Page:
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Luk Devorski, David M. Bazett-Jones, L. Colby Mangum, and Neal R. Glaviano

Context: Lumbopelvic-hip complex (LPHC) exercises are used to increase stabilization within the human body. Torso-elevated side support (TESS), foot-elevated side support (FESS), prone bridge plank (PBP), and V-sit are common LPHC exercises. Objective: To evaluate muscle activation in the shoulder girdle and LPHC during 4 LPHC exercises and evaluate the reasoning for termination. Study Design: Cross-sectional study. Setting: Laboratory. Patients or Other Participants: Seventeen healthy participants (12 males and 5 females; age: 21.47 [3.16] y, height: 179.73 [8.92] cm, mass: 76.89 [11.17] kg). Main Outcome Measures: Participants completed 2 repetitions of the TESS, FESS, PBP, and V-sit until failure. Surface electromyography of the middle deltoid, latissimus dorsi, middle trapezius, rectus abdominis, erector spinae, external oblique, and gluteus medius were recorded and normalized to maximum voluntary isometric contraction (MVIC). The duration of exercise and subjective reasoning for termination of exercise was completed following the 4 tasks. Results: The TESS and PBP had significantly greater middle deltoid muscle activation (TESS: 55.66% [24.45%] MVIC and PBP: 42.63% [18.25%] MVIC) compared with the FESS (10.10% [10.04%] MVIC) and V-sit (2.21% [1.94%] MVIC), P < .05. The TESS produced significantly greater external oblique activity (78.13% [32.32%] MVIC) than the PBP (54.99% [19.54%] MVIC), P < .05. Due to shoulder fatigue and pain, 41.1% and 17.0% of participants terminated the TESS, respectively. The PBP was terminated due to abdominal fatigue (41.1%) and upper-extremity fatigue (47.0%). Conclusions: The V-sit resulted in isolated activity of the abdominal portion of the LPHC. The FESS had increased global co-contraction of the LPHC compared with the TESS. The PBP and TESS had significant muscle activation in the upper-extremity.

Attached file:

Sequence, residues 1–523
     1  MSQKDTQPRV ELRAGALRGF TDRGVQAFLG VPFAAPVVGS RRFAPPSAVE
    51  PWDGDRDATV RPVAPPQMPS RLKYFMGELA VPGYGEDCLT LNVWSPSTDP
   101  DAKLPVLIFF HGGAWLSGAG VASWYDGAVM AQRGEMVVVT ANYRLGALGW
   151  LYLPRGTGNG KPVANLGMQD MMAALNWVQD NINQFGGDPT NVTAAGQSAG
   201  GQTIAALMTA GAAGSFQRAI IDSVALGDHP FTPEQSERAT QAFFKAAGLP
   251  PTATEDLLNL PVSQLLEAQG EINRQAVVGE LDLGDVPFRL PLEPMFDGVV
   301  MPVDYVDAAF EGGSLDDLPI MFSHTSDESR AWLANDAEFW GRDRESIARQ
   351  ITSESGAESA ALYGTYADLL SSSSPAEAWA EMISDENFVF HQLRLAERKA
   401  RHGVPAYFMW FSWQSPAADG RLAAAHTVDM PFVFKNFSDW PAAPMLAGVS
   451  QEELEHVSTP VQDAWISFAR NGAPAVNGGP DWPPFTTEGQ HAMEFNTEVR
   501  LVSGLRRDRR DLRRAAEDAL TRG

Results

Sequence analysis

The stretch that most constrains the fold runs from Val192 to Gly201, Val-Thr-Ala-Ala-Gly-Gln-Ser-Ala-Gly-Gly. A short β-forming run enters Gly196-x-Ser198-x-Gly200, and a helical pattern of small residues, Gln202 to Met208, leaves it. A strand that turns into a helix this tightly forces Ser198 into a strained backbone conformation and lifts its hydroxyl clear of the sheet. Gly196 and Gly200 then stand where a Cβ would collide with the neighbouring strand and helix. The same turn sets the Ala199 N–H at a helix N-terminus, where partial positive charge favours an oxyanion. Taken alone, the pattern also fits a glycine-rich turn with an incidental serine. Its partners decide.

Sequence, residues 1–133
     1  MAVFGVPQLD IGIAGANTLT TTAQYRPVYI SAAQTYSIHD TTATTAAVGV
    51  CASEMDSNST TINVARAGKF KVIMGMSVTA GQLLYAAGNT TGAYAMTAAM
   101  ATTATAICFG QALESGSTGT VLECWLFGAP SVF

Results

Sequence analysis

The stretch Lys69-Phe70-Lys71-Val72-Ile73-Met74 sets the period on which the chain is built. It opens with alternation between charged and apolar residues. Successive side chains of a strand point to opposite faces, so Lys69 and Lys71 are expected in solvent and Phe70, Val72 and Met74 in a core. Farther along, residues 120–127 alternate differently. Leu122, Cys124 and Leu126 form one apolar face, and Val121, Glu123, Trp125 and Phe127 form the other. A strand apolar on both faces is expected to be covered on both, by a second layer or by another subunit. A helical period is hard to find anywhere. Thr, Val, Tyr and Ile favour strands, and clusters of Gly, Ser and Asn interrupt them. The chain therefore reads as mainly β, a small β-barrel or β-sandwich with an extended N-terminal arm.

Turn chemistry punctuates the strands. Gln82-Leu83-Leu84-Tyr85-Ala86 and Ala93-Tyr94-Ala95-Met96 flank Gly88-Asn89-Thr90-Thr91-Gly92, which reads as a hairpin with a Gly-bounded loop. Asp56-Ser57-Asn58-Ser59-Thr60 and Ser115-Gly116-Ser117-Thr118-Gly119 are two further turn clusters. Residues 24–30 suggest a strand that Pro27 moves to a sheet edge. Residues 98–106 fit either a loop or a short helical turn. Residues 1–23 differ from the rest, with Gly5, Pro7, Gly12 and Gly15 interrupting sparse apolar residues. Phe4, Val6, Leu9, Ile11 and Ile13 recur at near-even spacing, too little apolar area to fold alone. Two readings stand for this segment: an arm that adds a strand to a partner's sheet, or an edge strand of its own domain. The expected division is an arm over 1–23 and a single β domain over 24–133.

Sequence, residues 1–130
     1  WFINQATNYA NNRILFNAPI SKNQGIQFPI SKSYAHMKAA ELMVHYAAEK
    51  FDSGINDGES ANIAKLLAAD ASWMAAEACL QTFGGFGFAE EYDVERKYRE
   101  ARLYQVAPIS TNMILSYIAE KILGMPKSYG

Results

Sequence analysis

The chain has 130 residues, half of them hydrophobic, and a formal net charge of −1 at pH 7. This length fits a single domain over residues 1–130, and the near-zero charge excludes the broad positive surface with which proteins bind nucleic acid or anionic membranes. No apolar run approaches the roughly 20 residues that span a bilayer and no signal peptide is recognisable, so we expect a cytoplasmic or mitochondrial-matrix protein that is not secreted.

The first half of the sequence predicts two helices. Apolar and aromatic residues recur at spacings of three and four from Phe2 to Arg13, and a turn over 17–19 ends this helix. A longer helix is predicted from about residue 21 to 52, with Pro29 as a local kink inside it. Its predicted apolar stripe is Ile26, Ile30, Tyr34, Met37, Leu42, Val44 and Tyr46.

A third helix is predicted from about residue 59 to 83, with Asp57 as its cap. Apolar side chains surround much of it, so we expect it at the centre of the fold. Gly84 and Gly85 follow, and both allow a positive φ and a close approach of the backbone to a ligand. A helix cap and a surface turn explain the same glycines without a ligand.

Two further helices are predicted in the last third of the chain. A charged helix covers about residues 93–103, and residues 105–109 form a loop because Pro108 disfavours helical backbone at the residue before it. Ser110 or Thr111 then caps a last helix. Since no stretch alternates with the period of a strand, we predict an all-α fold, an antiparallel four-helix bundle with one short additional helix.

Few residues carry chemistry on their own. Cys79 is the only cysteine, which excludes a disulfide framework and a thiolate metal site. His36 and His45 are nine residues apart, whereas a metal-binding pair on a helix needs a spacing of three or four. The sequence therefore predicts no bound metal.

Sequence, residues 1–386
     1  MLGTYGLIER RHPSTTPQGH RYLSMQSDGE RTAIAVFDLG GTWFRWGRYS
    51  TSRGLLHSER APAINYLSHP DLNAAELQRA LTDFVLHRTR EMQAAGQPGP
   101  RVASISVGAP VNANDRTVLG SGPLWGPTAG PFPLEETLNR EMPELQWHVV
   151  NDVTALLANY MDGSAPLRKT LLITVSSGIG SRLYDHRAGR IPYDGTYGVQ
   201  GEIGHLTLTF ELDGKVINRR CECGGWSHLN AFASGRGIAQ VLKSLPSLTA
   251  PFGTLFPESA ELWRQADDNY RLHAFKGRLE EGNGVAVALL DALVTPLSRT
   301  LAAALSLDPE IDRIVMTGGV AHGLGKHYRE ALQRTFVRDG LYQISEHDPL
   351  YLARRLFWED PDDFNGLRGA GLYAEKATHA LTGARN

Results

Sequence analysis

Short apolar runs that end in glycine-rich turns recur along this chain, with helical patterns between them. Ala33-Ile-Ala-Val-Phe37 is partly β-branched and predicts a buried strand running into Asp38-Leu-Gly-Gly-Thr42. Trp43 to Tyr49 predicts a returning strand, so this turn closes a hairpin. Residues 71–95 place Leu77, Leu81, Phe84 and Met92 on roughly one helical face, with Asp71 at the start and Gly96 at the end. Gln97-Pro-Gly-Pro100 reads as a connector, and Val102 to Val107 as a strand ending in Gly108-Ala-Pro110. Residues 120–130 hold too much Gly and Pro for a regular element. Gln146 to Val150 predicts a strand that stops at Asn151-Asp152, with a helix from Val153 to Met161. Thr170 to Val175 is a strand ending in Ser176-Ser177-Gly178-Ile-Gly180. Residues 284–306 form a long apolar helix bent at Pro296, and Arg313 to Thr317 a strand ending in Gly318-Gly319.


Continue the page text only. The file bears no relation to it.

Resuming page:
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Shauna Ericksen, Geoff Dover, and Richard DeMont